He filmed one victim, 21, in the UK, after offering to give her a tour of his university. On 18 November 2018, the woman met him at his university and went to his residence to use his toilet. However, the man used his toilet first to set up a recording device and filmed the victim relieving herself.

The man filmed an unknown woman changing in a bedroom on 12 June 2017, while hiding behind a set of window blinds.

Between 2016 to June 2019, the police received several reports alleging that two obscene videos featuring the victims or their friends had been circulating online. One victim said that she discovered the man’s phone in the toilet of his former residence and confronted him about it.

On 3 July 2019, the police raided his residence and seized seven of his personal devices. Forensic analysis uncovered 16 offending videos and 124 upskirt photographs in the devices.

The two videos circulating online and the 16 videos found in his devices were recorded by the man, and involved 11 identified victims and one unknown victim. A total of 14 of the 18 videos were taken at his residence.

In his first statement, the man admitted to taking the videos, saying stress motivated him.

He gave three further statements in which he claimed he could not remember where they could have been recorded and claimed not to recognise the victims.

Victims want accused's name to be revealed

After the plea was taken, the prosecution, represented by Deputy Public Prosecutors (DPP) Foo Shi Hao and Tan Zhi Hao, applied to have the gag order lifted only on the man’s name.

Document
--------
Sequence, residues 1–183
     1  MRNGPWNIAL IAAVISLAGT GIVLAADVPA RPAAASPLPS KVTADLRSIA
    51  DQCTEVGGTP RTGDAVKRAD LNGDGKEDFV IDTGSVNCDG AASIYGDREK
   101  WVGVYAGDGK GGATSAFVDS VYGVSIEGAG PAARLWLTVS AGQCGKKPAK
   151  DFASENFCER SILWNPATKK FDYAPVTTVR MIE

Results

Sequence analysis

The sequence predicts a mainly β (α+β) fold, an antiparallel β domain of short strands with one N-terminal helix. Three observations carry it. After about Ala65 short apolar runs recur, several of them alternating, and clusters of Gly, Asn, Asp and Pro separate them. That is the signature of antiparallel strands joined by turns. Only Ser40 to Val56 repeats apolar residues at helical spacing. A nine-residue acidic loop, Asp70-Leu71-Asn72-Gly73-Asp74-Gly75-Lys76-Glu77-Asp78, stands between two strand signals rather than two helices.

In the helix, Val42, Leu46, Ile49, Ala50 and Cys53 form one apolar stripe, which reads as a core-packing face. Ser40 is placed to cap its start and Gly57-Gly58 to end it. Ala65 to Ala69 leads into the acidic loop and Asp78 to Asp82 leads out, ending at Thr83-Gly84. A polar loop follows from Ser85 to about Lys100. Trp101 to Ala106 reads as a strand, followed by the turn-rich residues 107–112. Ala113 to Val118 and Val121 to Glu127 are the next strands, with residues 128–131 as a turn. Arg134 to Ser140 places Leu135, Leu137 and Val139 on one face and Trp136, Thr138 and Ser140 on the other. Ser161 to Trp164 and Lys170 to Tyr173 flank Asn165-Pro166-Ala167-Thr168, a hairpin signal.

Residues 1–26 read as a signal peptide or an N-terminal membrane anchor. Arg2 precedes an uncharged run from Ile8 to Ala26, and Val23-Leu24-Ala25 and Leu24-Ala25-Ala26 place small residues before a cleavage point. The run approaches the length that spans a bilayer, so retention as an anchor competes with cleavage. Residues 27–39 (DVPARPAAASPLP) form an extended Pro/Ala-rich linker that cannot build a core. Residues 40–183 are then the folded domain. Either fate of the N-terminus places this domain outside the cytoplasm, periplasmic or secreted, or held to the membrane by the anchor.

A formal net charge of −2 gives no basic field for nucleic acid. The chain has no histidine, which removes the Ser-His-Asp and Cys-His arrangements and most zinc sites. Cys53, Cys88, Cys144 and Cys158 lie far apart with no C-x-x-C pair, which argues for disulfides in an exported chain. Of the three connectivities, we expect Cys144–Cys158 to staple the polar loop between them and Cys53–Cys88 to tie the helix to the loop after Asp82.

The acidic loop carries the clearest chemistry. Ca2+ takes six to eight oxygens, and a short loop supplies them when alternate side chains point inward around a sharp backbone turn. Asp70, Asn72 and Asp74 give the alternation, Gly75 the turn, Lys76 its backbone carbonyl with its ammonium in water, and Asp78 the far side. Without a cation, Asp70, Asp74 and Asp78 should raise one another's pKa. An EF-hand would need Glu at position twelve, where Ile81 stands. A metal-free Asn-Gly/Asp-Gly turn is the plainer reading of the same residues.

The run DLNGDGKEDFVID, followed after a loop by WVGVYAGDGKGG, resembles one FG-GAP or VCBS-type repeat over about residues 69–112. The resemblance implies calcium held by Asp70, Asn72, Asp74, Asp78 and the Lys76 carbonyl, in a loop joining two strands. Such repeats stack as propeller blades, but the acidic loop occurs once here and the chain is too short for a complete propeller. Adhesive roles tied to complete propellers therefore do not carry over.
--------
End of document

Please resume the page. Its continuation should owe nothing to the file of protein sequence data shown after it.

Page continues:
DPP Foo told the court that all the victims had been “unanimous” in their call to remove the gag order from the perpetrator’s name, with many expressing the view that the gag order was “more harmful than helpful”. All had accepted the increased possibility of them being identified.

“The fourth victim stated that the gag order was worrying and infuriating as it prevents her from warning female friends…or help a former schoolmate (whom she) suspected could also be a victim, (and this) left her feeling very guilty,” said DPP Foo.

The 11th victim said that more people could be “hurt” by the perpetrator if his identity were masked, he added.

“The victims themselves have spoken. It is clear from their statement that the gag order does not serve its intended purposes. Far from preventing trauma, it has added to their misery,” said DPP Foo, who pointed out that the gag order was meant to protect victims.

The man’s lawyer, Ashvin Hariharan, who was against the lifting of the gag order, pointed out that the prosecution had once tried unsuccessfully to lift the gag order, after 10 out of the 12 victims had consented to it. Ashvin said that since the application had been rejected once, the proper procedure for the prosecution would be to apply to the High Court through a criminal motion.

Ashvin further argued that victim impact statements could only be used for sentencing purposes and was not relevant to the application to lift the gag order. He said that lifting the gag order would serve a dangerous precedent on victims having a say in whether they wanted to be protected.

Victims may not be in the best position to consider for themselves and the decision should be a judicial one, said Ashvin.

DJ Tan allowed the gag order to be lifted, but stayed the lift pending the defence’s appeal to the High Court. The defence is expected to file the appeal within a week.

The man will return to court for sentencing on 26 August.